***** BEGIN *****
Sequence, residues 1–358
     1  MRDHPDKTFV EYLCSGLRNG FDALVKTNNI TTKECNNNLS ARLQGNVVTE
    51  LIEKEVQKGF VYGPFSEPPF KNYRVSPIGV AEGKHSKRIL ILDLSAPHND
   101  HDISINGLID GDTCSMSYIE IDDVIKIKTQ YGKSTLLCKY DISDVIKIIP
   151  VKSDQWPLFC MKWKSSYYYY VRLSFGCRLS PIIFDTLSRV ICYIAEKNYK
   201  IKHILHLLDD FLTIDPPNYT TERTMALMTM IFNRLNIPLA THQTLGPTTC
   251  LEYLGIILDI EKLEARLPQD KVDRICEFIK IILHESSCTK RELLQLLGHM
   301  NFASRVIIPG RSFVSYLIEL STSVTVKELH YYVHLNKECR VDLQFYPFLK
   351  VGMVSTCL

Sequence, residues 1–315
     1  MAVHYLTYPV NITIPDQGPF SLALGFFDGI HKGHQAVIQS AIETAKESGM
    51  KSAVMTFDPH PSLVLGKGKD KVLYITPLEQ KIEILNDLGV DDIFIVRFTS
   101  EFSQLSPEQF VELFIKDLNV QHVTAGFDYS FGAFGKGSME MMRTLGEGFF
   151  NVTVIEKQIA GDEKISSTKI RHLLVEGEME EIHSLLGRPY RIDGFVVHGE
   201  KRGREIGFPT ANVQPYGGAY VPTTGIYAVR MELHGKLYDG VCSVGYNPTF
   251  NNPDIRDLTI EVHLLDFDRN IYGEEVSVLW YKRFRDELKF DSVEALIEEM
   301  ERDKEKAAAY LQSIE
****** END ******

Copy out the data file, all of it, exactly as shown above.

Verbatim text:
Sequence, residues 1–358
     1  MRDHPDKTFV EYLCSGLRNG FDALVKTNNI TTKECNNNLS ARLQGNVVTE
    51  LIEKEVQKGF VYGPFSEPPF KNYRVSPIGV AEGKHSKRIL ILDLSAPHND
   101  HDISINGLID GDTCSMSYIE IDDVIKIKTQ YGKSTLLCKY DISDVIKIIP
   151  VKSDQWPLFC MKWKSSYYYY VRLSFGCRLS PIIFDTLSRV ICYIAEKNYK
   201  IKHILHLLDD FLTIDPPNYT TERTMALMTM IFNRLNIPLA THQTLGPTTC
   251  LEYLGIILDI EKLEARLPQD KVDRICEFIK IILHESSCTK RELLQLLGHM
   301  NFASRVIIPG RSFVSYLIEL STSVTVKELH YYVHLNKECR VDLQFYPFLK
   351  VGMVSTCL

Sequence, residues 1–315
     1  MAVHYLTYPV NITIPDQGPF SLALGFFDGI HKGHQAVIQS AIETAKESGM
    51  KSAVMTFDPH PSLVLGKGKD KVLYITPLEQ KIEILNDLGV DDIFIVRFTS
   101  EFSQLSPEQF VELFIKDLNV QHVTAGFDYS FGAFGKGSME MMRTLGEGFF
   151  NVTVIEKQIA GDEKISSTKI RHLLVEGEME EIHSLLGRPY RIDGFVVHGE
   201  KRGREIGFPT ANVQPYGGAY VPTTGIYAVR MELHGKLYDG VCSVGYNPTF
   251  NNPDIRDLTI EVHLLDFDRN IYGEEVSVLW YKRFRDELKF DSVEALIEEM
   301  ERDKEKAAAY LQSIE